My mouth tastes disgusting. I feel greener than Bob Brown. Thank god for my mum's little bites which I rely on to stop retching.

In the early afternoon, Louisa comes over. I have a shower and change. Then we lie in bed, watching 'Prom' on Foxtel - movie I swore I'd never watch.

Later, I find myself sitting at the kitchen table with Louisa, Gabby her daughter, David and Craig. (Craig had a knee operation just a few days ago - I can't believe he's walking). They have a glass of wine and I have a glass of lime juice and water (good for nausea).

After they leave, Chucky, Nim's husband, drops off the food she has cooked. He looks tanned and well. I eat a little then decide to attempt my ritual stroll.

These days, I walk so slowly I have to let Spunky off the leash. He is often way ahead of em. This time, I manage nearly 3 km but I am aching in a different way. My body is sore to the touch. I put myself straight to bed and am vaguely aware of other visitors.

Later, I am lying there when Harry comes in, on his way to gym. He wants to know when my chemo will be over, when I will be feeling good again. I say, I don't know, maybe April. He says he wants to do a fun run with me when I am better. The way I feel, he may as well be asking me to sing the Greek National Anthem (all 158 verses).

I ask Al to make me a salad. I eat in bed. We watch 'Mr Popper's Penguins.'. I take a sleeping pill and fall asleep.

Day 5: I ache like a bastard and wake at 5.30 am. I ask Al to find me the Panadeine Forte. He rustles through a growing pile of boxes on my side table, bleary eyed, but can't locate it so in the end, I satisfy myself with Panadol. My eyes feel strange, kind of sore, and I am still green around the gills. My mouth tastes like mud.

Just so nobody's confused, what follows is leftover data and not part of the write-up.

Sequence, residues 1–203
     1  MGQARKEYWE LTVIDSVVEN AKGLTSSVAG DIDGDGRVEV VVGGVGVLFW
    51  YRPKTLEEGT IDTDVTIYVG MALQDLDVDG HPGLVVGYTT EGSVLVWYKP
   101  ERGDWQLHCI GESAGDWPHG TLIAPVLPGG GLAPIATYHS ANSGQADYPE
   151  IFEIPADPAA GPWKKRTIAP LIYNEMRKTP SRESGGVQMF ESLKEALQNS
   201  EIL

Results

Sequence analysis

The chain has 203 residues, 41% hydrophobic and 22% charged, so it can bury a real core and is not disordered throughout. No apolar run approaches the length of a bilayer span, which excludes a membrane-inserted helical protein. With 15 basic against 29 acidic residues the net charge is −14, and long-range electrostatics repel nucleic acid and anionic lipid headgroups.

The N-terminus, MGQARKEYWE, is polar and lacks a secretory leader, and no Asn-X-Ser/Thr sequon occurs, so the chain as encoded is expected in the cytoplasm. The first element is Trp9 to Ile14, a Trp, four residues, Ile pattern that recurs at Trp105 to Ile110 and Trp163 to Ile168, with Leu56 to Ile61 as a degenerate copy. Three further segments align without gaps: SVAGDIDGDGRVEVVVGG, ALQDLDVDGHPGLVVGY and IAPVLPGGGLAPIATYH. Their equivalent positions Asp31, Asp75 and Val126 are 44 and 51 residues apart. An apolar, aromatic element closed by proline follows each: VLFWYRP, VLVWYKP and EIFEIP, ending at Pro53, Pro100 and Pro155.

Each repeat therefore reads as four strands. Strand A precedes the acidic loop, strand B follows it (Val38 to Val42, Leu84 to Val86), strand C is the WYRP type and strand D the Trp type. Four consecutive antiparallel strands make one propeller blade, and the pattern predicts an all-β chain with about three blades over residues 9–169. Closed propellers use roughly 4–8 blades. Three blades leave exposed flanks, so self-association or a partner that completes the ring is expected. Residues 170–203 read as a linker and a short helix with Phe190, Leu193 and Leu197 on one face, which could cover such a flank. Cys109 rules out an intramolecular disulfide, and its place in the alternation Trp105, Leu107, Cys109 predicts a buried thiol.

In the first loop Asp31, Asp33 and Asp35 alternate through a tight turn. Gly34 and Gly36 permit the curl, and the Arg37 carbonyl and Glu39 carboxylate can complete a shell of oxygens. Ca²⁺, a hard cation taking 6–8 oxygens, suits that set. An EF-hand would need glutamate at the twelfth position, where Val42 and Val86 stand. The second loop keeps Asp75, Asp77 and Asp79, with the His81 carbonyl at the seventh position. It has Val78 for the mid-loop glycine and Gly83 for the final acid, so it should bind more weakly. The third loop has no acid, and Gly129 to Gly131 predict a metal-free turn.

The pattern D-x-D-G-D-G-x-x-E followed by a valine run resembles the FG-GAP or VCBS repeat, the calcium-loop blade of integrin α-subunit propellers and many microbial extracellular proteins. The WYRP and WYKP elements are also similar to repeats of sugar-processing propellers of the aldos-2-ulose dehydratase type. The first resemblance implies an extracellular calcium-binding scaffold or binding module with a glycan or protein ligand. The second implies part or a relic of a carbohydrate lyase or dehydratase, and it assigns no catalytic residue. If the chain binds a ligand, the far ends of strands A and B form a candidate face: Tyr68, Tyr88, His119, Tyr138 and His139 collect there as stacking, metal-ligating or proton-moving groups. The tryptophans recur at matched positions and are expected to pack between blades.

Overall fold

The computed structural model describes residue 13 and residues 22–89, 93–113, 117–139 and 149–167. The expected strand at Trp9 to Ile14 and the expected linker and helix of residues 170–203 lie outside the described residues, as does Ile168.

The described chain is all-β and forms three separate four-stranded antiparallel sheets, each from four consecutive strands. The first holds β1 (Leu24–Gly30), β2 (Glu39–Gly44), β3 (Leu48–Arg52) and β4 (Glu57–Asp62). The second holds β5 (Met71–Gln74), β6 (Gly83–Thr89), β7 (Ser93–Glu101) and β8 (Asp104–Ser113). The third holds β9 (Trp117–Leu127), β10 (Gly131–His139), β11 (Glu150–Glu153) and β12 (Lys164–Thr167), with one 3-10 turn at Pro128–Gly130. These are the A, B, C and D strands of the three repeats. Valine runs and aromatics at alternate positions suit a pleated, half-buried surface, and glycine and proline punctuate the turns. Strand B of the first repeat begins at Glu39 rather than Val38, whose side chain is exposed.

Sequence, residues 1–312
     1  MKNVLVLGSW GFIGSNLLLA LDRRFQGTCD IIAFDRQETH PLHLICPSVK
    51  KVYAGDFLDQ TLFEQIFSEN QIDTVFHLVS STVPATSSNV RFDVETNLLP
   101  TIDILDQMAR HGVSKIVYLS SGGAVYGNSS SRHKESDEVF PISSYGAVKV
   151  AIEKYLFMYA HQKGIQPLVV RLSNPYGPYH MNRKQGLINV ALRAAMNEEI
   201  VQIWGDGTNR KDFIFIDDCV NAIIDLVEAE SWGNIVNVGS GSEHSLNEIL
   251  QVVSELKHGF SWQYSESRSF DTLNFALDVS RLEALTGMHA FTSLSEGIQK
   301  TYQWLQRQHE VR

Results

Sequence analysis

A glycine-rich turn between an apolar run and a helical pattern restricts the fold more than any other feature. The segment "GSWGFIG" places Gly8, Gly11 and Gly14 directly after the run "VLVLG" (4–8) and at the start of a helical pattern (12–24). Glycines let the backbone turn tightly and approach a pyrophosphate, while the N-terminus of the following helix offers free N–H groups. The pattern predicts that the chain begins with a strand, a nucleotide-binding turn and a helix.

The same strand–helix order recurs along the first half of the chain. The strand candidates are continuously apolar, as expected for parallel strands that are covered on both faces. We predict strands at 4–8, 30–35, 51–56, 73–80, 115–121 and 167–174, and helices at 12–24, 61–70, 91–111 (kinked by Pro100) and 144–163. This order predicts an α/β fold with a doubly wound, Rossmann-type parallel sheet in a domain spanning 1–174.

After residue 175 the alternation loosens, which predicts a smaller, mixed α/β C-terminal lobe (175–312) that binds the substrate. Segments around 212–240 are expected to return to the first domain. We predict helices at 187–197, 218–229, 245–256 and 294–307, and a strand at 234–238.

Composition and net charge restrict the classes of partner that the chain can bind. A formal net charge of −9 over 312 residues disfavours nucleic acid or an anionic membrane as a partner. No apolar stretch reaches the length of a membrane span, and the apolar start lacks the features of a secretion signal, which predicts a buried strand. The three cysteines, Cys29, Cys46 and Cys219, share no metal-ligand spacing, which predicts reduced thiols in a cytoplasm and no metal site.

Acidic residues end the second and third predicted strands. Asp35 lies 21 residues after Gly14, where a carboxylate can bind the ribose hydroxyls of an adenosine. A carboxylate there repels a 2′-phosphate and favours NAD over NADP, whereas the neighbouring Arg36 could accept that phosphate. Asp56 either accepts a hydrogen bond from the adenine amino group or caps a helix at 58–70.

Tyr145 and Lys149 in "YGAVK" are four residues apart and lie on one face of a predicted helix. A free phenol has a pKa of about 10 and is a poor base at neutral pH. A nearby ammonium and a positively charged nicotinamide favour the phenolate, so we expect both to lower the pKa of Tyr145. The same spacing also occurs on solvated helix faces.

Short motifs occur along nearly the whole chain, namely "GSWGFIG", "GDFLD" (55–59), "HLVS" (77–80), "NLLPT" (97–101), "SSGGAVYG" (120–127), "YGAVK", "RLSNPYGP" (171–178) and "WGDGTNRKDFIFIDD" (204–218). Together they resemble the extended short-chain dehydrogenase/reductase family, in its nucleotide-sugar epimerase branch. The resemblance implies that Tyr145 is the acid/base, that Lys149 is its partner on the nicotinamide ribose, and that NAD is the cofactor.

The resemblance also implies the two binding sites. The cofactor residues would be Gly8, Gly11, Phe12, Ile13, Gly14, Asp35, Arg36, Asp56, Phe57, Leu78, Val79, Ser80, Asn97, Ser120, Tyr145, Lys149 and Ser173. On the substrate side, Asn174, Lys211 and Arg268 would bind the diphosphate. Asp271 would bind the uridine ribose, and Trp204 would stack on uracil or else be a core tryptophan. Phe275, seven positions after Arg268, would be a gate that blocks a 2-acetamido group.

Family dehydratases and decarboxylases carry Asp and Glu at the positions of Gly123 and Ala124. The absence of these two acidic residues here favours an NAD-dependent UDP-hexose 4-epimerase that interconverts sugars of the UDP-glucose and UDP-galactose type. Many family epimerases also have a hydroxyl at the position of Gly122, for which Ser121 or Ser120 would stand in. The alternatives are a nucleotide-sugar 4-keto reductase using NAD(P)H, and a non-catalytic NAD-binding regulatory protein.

I lie there feeling god awful. I say to Al: "If this wasn't the effects of chemo, if this is what it feels like to die a slow, horrible death, I'd take a cyanide pill." It's true.

The day warms up and I stay in bed until the early afternoon watching one B-Grade Movie after another. "It Takes Two", "Baby's Big Day Out". If I were Margaret Pomeranz, I'd be taking that pill around now I think.

In the afternoon I am feeling a bit better so I get up to clean the kitchen which looks like the aftermath of a night with Matthew Newton. It actually feels good to be doing something vaguely constructive.

Margot, the real estate agent comes around as we are listing our place on the market. I lie like Lady Muck in bed in a surreal situation: a relative stranger in my bedroom and me blithely bald as a badger. (Who is Lady Muck BTW? And I thought badgers had hair).

By the evening, I am still green around the gills but at least I'm no longer sore. I opt not to walk today as I feel a little dodgy.

I watch 'The Big Lebowski', cack myself. I decide to try and weather the night without a sleeping pill. It's not that bad. I wake up in the middle of the night feeling bilious but take an anti nausea to drift off again.

Day 6: I'm feeling vomitish still, but it's a lovely morning. I feel quite compos mentis so do a tiny bit of writing work in the morning.

In the afternoon, Janet and the kids come by, bearing a freshly baked quiche, salad and Georgia's fantastic banana cream pie. We pass a couple of pleasant hours on the back deck, enjoying the brisk afternoon breeze.

I go for a 4 km stroll, tempted to aim for 5 but I can feel that edge of exhaustion. For the first time in my life, I have a concept of 'overdoing it'. I don't know if this is good or bad. Rightly or wrongly, I've never been a person with a concept of limits to what I could or could not do. Already I can see that I have changed.

Al brings me a light soup and goes to tennis. I have a long chat with Karen on the phone. I put Ben to bed.

At 11.15pm I am wide awake, still feeling green. I Google 'anti nausea'. I opt to take my rescue remedy homeopathic drops and drift off into an unsatisfying sleep.

Today is Day 7. I'll tell you what I've discovered. Every person's illness smells different. Mine is some combination of Dettol and the Alpha Keri Oil Chris sent me - to moisten my increasingly dry skin. It makes me gag just thinking about it.

It's fairly still and muggy in the morning. Al coaxes me - even offers to drive me - to my breathing and meditation class. I go half heartedly and find it difficult to concentrate as I'm still gagging a bit.

Later I have to load up my car with some boxes to drop off at a local printer (finishing off a last-minute job).

I play Christmas carols in the car. When my favourite, "The Little Drummer Boy" starts, inexplicably, I find myself crying, not buckets. But I feel sad.